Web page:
Updates from the Wakanyeja Early Childhood Education Initiative

The ECED Special Topics course attended the Native American Child and Family Conference on Wed. March 20th at the Hotel Albuquerque.  Students attended conference sessions of their choice and also helped facilitate a workshop from 3:00-5pm.  Over 50 people attended the session!  Conference attendees included Indian Head Start staff and administration from the southwest.  SIPI’s workshop focused on sharing information regarding how SIPI works to engage Head Start families in developing a cultural curriculum.  Audience members were engaged in the process and had many questions regarding the Wakanyeja “Sacred Little Ones” project.  Following the presentation, Dr. Tarajean Yazzie-Mintz- Wakanyeja “Sacred Little Ones” program officer from the American Indian College Fund, engaged the group in a debriefing session where students reflected on the experience.

Students who participated include: Shelby Holt, Brandon Barney, Christine Lucero, Kim Dominic Ray, Sasha Brown, Michele Morgan, Jody Lucero, and Sandra Sandoval (not pictured)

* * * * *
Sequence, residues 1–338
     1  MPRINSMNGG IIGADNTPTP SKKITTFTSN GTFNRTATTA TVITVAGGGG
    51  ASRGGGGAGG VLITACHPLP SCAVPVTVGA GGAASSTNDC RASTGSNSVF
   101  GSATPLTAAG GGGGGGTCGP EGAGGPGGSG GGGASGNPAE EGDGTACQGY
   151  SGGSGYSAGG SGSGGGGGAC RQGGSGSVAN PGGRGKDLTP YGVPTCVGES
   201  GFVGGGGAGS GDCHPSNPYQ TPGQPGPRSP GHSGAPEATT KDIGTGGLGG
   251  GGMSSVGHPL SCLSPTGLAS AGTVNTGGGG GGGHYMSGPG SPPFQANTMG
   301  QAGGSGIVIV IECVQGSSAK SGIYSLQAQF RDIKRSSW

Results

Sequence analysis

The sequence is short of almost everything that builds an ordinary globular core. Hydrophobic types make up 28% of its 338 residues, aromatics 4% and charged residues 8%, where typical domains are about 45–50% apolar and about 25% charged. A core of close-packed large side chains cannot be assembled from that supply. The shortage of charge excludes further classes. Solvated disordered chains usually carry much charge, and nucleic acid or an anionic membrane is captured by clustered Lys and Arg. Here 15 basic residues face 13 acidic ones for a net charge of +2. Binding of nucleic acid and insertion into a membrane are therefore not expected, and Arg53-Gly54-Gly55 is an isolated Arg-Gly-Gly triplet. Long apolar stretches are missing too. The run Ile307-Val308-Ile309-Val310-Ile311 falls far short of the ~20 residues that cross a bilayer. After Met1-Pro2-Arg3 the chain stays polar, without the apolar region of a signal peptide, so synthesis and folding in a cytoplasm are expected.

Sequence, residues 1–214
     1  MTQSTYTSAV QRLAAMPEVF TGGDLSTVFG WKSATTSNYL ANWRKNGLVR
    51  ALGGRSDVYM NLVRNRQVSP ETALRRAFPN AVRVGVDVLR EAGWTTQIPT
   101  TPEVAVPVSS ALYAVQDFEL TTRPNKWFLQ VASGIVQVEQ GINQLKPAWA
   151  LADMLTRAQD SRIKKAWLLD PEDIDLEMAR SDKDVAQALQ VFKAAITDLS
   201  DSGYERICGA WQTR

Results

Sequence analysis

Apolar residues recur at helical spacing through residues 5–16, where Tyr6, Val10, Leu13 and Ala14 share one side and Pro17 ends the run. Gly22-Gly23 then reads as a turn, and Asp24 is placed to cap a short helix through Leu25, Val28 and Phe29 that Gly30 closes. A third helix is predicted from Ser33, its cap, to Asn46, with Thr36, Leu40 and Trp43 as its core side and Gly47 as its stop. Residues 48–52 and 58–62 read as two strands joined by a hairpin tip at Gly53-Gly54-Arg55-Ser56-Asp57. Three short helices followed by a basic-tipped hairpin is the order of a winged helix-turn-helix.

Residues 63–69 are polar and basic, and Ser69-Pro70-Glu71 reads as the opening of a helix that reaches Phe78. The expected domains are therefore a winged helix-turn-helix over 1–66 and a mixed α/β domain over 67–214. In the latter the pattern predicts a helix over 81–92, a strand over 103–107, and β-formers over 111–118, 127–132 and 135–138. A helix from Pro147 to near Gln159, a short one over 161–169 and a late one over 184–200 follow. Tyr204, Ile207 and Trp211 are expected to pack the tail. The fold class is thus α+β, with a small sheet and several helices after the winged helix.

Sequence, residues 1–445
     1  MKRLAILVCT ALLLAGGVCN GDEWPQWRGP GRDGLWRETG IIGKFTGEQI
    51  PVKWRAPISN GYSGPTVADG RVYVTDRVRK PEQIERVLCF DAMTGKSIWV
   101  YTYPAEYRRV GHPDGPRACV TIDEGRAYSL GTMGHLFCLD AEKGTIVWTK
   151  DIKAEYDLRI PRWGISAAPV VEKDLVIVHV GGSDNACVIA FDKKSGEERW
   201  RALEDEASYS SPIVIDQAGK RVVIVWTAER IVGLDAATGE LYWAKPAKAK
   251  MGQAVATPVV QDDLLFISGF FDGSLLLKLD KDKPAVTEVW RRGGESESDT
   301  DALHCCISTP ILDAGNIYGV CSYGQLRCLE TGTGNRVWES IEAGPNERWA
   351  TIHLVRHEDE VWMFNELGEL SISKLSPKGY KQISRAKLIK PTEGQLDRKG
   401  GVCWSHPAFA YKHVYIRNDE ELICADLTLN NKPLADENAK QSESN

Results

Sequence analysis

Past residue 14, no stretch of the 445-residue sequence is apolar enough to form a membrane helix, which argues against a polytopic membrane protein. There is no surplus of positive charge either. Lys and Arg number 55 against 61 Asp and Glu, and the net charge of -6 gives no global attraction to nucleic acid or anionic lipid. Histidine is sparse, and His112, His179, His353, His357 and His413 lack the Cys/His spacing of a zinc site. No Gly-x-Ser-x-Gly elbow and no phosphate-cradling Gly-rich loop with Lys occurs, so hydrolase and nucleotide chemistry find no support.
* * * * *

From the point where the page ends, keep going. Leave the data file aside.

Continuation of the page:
A big thank you to everyone who supported our efforts to include students in meaningful learning experiences that allow them to contribute to the greater community.  Many tribal Head Start teachers and administrators attended the session.  Students are helping to solidify SIPI’s reputation as a community college that engages students in meaningful experiences.  Look for more to come from our future Indian educators!

by Danielle Lansing, Ed. D
Early Childhood Instructor/Coordinator
Wakanyeja “Sacred Little Ones” Project Director

 

Program Leads present their research at Society for Applied Anthropology

The Wakanyeja ECE Initiative tribal college grantees, Northwest Indian College, College of Menominee Nation, Southwestern Indian Polytechnic Institute and Ilisagvik College, presented their respective research on strengthening early childhood education in Native communities at the Society for Applied Anthropology (SfAA) in Denver on March 23, 2013.  Each funded tribal college developed a research poster to highlight model programming implementation, parent empowerment, language and culture educational opportunities, and development of high quality instruction in early learning programs serving Native children and families.  Presenting at national scholarly conferences and on research-based practices is new for these project directors, and they received ample engagement of their ideas from a number of participants representing scholarship in the fields of education and anthropology.  Feedback from participants included increased praise of the American Indian College Fund’s activities in supporting research-based practices and accolades about the new knowledge emerging from Northwest Indian College, College of Menominee Nation, Southwestern Indian Polytechnic Institute and Ilisagvik College.

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